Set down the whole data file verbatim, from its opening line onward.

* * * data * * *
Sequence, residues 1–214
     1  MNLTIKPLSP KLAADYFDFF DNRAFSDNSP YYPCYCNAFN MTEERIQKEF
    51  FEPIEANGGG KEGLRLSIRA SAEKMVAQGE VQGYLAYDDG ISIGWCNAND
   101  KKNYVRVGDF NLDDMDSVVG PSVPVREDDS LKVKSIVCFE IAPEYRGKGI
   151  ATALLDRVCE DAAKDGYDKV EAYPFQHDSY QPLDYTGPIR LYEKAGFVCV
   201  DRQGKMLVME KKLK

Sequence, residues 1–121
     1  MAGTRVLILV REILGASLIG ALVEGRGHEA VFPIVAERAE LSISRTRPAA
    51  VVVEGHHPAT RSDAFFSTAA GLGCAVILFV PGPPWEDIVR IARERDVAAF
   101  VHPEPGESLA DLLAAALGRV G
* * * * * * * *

Sequence, residues 1–214
     1  MNLTIKPLSP KLAADYFDFF DNRAFSDNSP YYPCYCNAFN MTEERIQKEF
    51  FEPIEANGGG KEGLRLSIRA SAEKMVAQGE VQGYLAYDDG ISIGWCNAND
   101  KKNYVRVGDF NLDDMDSVVG PSVPVREDDS LKVKSIVCFE IAPEYRGKGI
   151  ATALLDRVCE DAAKDGYDKV EAYPFQHDSY QPLDYTGPIR LYEKAGFVCV
   201  DRQGKMLVME KKLK

Sequence, residues 1–121
     1  MAGTRVLILV REILGASLIG ALVEGRGHEA VFPIVAERAE LSISRTRPAA
    51  VVVEGHHPAT RSDAFFSTAA GLGCAVILFV PGPPWEDIVR IARERDVAAF
   101  VHPEPGESLA DLLAAALGRV G